Two weeks after the wedding, we found ourselves in an Indonesian small city called Jogja (by the locals). Our host said she would rather categorise this place a village, but I beg to differ. Jogja has an international airport nearby, some traffic jam and a decent size train station full of taxi scammers.
We arrived yesterday after seven hours and a half on the train, an early rise and a second-degree trauma – me losing a bank card. As soon as we walked out of the platform area, an apparently official taxi booth offered to get us a taxi for 80,000IRP. We could have taken it if our host hadn’t given us an estimate of around 40,000IRP. We found another taxi driver ourselves outside the station and ended up paying 24,000IRP even though the driver did take us the longer, round-the-block way at one point. We missed Uber!
Jogja is surely at least a town. Maybe my host was thinking of Jakarta and Bandung in comparison. They are indeed mega cities with traffic going on for miles. We happened to be in Bandung last weekend, among the visitors who wanted to splash out shopping at factory outlets or enjoying some dramatic views of nearby volcanoes and crater lakes. We did neither despite sitting on a taxi for 3 hours to go to the Tangkuban Perahu. That three-hour taxi journey covered about 30 km from Bandung centre to its northern mountainous area.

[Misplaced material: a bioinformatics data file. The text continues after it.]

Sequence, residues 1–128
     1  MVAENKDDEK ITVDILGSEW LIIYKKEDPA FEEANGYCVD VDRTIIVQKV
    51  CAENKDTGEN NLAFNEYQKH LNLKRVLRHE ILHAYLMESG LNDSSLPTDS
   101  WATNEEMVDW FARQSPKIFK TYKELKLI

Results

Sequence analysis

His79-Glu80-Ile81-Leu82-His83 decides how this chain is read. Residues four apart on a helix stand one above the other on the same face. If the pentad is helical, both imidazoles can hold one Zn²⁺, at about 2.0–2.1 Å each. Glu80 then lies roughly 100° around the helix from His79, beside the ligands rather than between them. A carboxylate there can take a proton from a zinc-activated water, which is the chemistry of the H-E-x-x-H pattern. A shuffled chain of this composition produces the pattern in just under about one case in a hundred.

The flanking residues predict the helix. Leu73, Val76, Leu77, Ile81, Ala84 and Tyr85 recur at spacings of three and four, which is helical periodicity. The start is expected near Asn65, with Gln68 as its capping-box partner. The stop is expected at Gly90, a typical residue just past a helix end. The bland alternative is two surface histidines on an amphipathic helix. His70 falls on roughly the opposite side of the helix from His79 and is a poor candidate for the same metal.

From Jakarta, where we landed the first night, through Bandung to Jogja, we have spent a lot of time in slow trains and slow moving cars. Before seeing Java, Hanoi and Bangkok were at the top of my list for busy roads. How little did I know!
We’ve learned a lot about patience and anticipation in Java. Would we make it to the volcano site before it rains in this traffic and under those hanging clouds? What would we do then? Would we make our train despite setting off more than one hour in advance for a distance of 4 km? If we don’t make it to the station, how would another day in this craze city be like? Should we make a desperate attempt to walk there and there?
We did walk several times. Pavement is rare and litter is common. Javanese cities have little to none street lights, which makes an evening stroll much less pretty and reassuring. Some scenes are like a stab to the heart. In Jakarta, I’ve seen extremely dirty side streets with open holes next to food stalls. In Lembang, I’ve seen a stream running through forest land covered in used plastic bags and giving out pungent smell. I couldn’t bring myself to come near and look closely at the colour of the water.
Jogja does not have bad traffic and a serious pollution problem like Jakarta or Bandung. We managed to walk the old town without being hit by cars and motorbikes, but the constant pestering from touts is unpleasant. We tried shaking our head with a smile, many firm “no”s while gesturing with our hands, pretending not to understand English. Nothing works. Some drivers followed us a long way, shouted at us names of places, presumably we would want to go and they would take us. One even stopped his becak (Indonesian traditional cycle rickshaw) on our track, so that we could not walk anymore. We just wanted to explore his city in our own pace and in peace but it didn’t seem possible.
Though Jakarta, Bandung and Jogja definitely have their own charm and some delicious food, they are not for us. We booked more train tickets, packed our stuff and determined to leave cities behind – big and small – to (hopefully) find mountains, jungles and quiet beaches.
Jogja, Tuesday 26 April 2016